The maker of expensive printer ink, HP appears to have had a breakthrough and created some cool industrial-strength computing technology.
If it does what HO claims, it could replace a data centre’s worth of gear with a single refrigerator-size machine.
Dubbed “the Machine” the system is a new type of computer architecture that HP’s engineers say will serve as a replacement for today’s designs. It has a new operating system, a different type of memory, and superfast data transfer.
This family of products will make use of HP's massively delayed "memristor" memory substrate, along with silicon photonics, a custom operating system, and customised chips, HP said.
The memristor will be a key component of the "universal memory" of The Machine. The company says it will bring the Machine to market within the next few years or fall on its face trying.
The Machine takes specialised processors and specialise the compute to the actual workload. It connects that to a large, single pool of what we call universal memory with high-speed, low-latency fabric based upon photonics.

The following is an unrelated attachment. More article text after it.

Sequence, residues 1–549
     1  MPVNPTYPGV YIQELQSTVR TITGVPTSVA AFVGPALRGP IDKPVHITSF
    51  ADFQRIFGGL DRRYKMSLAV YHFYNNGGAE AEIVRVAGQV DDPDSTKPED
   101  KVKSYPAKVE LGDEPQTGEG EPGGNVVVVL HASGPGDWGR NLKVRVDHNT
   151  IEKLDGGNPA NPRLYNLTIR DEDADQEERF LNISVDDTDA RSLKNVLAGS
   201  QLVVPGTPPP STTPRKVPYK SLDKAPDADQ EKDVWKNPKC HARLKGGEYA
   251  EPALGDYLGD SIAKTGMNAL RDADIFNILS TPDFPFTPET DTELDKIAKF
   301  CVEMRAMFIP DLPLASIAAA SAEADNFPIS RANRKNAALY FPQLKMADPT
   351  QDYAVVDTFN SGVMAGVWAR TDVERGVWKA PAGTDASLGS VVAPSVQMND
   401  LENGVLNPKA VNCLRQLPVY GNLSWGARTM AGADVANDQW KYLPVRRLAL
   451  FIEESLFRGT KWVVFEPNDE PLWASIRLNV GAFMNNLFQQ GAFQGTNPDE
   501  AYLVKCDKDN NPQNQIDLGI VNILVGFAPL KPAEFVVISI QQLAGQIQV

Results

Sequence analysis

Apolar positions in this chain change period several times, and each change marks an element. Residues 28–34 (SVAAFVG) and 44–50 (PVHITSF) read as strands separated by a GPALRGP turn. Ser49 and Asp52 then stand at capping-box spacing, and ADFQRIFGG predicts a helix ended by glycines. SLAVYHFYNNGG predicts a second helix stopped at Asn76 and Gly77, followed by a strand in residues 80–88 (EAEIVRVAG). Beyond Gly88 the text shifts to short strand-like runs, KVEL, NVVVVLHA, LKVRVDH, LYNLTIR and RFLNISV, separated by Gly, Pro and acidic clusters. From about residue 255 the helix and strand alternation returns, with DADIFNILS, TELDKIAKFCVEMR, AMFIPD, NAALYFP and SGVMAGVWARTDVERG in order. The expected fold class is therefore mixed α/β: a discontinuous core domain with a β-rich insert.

“This will enable us to deal with massive, massive datasets [and] not just be able to take those massive datasets, but ingest them, store them, and manipulate them, and do this at orders of magnitude less energy per bits, per compute," HP said.
Fink said that the combination of photonics and memristors could mean that The Machine can scale to 160 petabyte racks, where any single byte within that whopping 160PB cluster can be addressed in under 250 nanoseconds.
When the tech is scaled down, Fink said, the memristor will make it possible to build a smartphone with 100TB of memory.